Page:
Shoot ‘Em Up
starring Clive Owen, Paul Giamatti and Monica Bellucci
written and directed by Michael Davis
This is a marvelous film with practically no story at all. Just a couple hours of shoot ‘em up action. There is a story, but it took me more than half the film to figure it out, and even then the story is not much to write about here. Shoot ‘Em Up was filmed partly in Toronto, but it is supposed to take place in New York City. I noticed one scene revealing the street car tracks embedded in the Toronto pavement with the electric cables above them. Then I caught a glimpse of only a partial view of the iconic CN Tower. But the giveaway came with a shot of the Toronto lakefront skyline and the famous Royal York Hotel standing right up in front. (The Royal York Hotel was the tallest building in Torontowhen it was constructed some 70-years ago. Today it is dwarfed by many other, taller hotels and office structures in Toronto. But the Royal York has retained its reputation for elite luxury. Just like the CN Tower across the street, the Royal York Hotel is iconic.) I enjoy it when I recognize the Canadian metropolis in American films. I like saying to myself, “Hey! I know that place!”
My God, do we suck, or is this guy really that good?
Guns don’t kill people, but they sure help.
Violence is one of the most fun things to watch.
A bullet proof vest is a better investment than a crib.
From an unimpressed beginning I have come to love Paul Giamatti and look forward to his performances. He is funny and weird. Giamatti ranks in the school of homely-looking actors led by the totally weird-looking Steve Buscemi - not the traditionally handsome faces of male movie stars. Giamatti plays a hired hit man, Mr. Hertz, who has a tendency to drop fascinatingly funny and ironic lines. By accident, Mr. Hertz’s work is interrupted by a British agent - Mr. Smith, played by Clive Owen - who just happens to have an aversion to weapons and who kills at least two people in this movie with a carrot stick. How Mr. Smith came to be on the scene, and who he really is is never explained. Mr. Smith is perhaps one of the angriest men in the world. He’s angry about bad driving, littering, and abuse of public safety laws. I agree with him.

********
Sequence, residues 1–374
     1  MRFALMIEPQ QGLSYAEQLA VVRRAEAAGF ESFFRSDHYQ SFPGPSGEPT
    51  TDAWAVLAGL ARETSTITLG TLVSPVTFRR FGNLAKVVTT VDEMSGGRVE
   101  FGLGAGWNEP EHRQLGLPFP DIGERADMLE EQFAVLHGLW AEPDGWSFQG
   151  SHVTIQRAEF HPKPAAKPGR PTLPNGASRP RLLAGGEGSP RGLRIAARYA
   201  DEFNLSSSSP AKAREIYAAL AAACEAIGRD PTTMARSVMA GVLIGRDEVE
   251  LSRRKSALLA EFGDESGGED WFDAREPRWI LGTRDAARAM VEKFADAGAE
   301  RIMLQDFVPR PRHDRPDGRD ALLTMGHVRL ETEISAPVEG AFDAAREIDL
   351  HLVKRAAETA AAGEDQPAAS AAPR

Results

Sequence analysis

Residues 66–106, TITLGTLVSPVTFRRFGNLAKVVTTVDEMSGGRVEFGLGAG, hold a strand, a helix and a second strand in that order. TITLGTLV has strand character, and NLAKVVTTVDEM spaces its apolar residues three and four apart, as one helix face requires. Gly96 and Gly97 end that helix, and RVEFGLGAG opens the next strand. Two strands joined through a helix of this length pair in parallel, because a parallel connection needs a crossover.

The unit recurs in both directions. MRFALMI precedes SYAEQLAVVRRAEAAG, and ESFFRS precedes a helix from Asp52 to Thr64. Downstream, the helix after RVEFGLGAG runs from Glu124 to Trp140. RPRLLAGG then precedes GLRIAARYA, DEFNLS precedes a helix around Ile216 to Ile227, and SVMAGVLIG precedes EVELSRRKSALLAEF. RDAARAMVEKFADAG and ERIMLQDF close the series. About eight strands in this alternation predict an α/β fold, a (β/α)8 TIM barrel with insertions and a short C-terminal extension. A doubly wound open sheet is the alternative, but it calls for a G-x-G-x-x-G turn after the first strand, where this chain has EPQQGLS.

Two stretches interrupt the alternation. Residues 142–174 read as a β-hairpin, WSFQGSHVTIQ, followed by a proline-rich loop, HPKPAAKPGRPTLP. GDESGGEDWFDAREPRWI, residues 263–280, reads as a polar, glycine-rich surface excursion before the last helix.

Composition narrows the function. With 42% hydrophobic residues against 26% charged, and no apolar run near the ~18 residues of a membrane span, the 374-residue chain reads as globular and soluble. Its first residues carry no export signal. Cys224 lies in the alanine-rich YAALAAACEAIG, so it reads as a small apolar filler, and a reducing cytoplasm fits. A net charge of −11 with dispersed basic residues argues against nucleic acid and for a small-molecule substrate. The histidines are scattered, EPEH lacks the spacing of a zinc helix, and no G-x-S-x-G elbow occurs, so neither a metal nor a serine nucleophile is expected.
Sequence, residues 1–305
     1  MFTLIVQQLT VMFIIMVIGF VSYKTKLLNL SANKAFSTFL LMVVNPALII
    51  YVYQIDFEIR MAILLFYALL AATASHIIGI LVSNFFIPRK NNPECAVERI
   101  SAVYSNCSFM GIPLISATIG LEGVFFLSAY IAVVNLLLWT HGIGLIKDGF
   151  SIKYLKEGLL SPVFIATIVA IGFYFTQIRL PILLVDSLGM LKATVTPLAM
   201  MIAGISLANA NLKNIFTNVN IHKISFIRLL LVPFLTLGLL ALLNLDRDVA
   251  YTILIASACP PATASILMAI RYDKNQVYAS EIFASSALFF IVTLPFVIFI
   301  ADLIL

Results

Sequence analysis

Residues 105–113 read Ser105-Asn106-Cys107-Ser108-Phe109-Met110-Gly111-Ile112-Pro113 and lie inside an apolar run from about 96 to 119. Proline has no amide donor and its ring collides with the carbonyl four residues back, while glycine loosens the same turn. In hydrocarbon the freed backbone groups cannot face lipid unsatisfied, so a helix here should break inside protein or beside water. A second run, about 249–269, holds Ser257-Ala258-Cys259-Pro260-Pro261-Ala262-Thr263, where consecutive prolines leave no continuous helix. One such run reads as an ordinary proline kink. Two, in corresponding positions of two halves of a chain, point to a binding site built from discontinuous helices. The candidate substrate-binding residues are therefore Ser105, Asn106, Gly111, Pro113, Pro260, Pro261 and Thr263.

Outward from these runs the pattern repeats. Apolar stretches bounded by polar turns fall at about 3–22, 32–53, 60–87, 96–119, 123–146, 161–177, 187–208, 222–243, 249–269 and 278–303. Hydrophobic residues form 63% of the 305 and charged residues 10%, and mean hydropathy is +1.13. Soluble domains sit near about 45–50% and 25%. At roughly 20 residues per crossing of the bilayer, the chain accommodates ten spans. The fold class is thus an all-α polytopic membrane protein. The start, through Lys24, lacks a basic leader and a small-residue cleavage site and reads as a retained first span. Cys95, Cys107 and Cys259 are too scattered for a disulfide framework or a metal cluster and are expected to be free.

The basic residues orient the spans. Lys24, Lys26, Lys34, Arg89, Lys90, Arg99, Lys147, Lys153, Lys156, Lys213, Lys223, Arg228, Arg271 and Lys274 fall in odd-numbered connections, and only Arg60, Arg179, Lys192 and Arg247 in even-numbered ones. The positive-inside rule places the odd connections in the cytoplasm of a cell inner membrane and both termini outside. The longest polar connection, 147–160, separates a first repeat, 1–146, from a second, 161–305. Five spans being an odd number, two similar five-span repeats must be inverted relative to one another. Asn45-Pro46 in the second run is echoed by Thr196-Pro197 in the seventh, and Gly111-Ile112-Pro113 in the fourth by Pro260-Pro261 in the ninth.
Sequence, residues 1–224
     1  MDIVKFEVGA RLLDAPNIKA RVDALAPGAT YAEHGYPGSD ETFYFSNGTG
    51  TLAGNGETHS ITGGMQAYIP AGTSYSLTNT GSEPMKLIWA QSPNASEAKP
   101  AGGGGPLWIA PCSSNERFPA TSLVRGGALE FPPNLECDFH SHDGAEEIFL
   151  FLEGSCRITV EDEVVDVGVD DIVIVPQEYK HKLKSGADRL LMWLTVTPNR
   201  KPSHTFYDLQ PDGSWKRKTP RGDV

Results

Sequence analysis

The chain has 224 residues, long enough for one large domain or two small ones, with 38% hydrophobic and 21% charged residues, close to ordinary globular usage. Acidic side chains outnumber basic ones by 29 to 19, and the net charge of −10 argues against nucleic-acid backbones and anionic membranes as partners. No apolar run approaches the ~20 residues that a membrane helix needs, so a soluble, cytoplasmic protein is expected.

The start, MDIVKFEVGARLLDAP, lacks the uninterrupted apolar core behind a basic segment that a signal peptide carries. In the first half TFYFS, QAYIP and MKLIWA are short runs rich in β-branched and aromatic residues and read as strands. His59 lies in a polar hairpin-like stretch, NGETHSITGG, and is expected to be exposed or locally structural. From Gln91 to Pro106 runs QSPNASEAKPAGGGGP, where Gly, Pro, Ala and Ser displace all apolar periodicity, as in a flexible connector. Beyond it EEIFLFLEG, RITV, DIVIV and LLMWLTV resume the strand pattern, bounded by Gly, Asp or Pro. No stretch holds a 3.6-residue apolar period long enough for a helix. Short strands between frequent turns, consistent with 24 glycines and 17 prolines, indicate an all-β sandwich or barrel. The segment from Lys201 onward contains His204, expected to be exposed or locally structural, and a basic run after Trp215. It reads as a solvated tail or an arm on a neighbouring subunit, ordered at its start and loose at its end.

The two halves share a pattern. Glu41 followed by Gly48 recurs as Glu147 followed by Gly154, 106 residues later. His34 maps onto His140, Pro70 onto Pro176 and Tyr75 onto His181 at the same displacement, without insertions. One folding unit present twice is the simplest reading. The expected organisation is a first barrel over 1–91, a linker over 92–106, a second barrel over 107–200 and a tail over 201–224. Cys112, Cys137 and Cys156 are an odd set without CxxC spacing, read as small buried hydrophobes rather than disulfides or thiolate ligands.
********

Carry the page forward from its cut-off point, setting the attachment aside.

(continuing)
I pay attention to many of a film’s credits. Not all of them. But this time my attention paid off when I saw that the Boom Operator on the film (or, one of the Boom Operators) was Alan Zielonko, a man I knew growing up in Guelph, Ontario. His filmography as a boom operator extends to 60 films dating back to 1986 - including such well-known titles as Jumper, Cinderella Man and The Recruit - with one acting credit. Check him out. Or, am I thinking of a different Alan Zielonko?